At-Home Treatments for Migraines
In addition to at-home practices to help with migraine prevention, at-home practices to help lessen the symptoms of an active migraine are also helpful. These techniques can be used in conjunction with medications or other medical treatments and may even help reduce the amount of medication that is needed.
At-Home tips to reduce symptoms of a migraine attack
Lie down in a quiet, dark place.
Since migraines frequently cause sensitivity to light and sound, finding a quiet, dark place to rest can help reduce symptoms.
Use temperature therapy.
Cold or heat packs can be applied to the forehead, temples, or the back of the neck. Topical analgesic heat rubs may also help.
Self-massage around the neck, shoulders, temples, and back of the head can decrease tension, which often reduces pain.
If dehydration is a factor in a migraine attack, drinking a glass or two of water is beneficial. Drink slowly to avoid nausea, or try sucking on ice cubes. Beverages with electrolytes can also help, but stick to low-sugar varieties. Coconut water and mineral water provide natural sources of electrolytes.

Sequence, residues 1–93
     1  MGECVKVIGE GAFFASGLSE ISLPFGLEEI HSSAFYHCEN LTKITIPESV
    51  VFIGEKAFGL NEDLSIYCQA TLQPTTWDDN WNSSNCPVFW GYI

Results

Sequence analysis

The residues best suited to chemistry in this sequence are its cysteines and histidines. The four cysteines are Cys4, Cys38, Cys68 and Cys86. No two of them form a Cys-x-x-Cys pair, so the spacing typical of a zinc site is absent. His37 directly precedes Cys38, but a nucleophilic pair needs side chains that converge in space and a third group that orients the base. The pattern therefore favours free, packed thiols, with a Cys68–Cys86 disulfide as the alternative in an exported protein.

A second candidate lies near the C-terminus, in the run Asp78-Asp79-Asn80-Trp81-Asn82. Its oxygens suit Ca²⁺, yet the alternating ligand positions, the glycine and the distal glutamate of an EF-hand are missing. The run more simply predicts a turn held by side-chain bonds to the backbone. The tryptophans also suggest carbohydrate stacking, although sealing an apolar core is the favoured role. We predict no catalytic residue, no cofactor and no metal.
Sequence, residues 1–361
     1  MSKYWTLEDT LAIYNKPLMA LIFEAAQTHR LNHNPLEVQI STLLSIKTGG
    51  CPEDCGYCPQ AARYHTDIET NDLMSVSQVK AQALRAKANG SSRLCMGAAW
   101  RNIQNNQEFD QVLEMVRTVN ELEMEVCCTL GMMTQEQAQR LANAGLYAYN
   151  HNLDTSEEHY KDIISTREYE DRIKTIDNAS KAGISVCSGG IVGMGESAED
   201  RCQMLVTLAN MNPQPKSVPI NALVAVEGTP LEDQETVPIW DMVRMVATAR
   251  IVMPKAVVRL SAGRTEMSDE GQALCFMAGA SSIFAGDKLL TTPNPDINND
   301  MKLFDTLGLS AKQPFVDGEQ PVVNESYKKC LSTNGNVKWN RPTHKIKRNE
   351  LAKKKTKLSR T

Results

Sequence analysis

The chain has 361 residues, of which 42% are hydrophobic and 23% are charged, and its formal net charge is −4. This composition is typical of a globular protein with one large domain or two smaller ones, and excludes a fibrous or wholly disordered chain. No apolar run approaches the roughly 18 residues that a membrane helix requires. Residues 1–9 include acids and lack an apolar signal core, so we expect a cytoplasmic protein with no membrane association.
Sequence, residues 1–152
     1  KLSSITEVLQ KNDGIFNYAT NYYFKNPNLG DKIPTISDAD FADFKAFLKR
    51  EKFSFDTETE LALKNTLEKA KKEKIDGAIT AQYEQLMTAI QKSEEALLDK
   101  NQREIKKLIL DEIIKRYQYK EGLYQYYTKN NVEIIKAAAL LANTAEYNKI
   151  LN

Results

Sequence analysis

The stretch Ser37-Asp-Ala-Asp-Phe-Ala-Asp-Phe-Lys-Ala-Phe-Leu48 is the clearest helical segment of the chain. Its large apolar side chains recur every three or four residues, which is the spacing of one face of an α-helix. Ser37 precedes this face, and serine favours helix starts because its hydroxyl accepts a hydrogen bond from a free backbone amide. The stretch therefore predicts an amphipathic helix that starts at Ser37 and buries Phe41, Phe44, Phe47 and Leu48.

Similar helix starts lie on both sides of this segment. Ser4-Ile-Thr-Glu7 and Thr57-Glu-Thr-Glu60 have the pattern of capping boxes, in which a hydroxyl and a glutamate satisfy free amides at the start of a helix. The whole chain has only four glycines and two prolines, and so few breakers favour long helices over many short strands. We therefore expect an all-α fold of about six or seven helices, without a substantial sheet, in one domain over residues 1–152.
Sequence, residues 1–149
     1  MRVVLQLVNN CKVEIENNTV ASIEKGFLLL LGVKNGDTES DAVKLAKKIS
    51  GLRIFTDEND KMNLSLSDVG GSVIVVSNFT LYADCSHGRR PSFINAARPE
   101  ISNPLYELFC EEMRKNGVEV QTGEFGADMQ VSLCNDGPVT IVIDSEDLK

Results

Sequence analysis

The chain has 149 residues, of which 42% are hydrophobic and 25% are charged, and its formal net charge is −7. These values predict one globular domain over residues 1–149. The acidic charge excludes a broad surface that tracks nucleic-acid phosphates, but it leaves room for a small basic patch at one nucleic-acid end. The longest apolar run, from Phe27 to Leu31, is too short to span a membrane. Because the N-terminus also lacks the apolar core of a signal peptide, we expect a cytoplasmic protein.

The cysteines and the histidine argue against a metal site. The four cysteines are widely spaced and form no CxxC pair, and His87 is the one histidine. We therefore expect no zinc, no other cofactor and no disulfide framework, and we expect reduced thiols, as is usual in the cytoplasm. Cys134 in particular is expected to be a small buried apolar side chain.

Drink a caffeinated beverage.
Many headaches, including migraines, respond well to caffeine, which is a known analgesic/pain reliever. Drinking a cup of coffee, tea, or caffeinated soda may help during a migraine attack. However, caffeine can lead to dehydration and cause withdrawal headaches, so use it with caution.
Try essential oils.
Some essential oils have calming properties that can be beneficial. Try putting lavender oil in a warm bath, breathing in the scent of peppermint oil, or using diluted basil oil as part of self-massage. Note: Essential oils should not be put directly on the skin unless they are mixed with a carrier oil, such as sweet almond oil or coconut oil.
If possible, sometimes the best way to deal with a migraine attack is to sleep. A headache may go away or lessen in severity after getting some rest.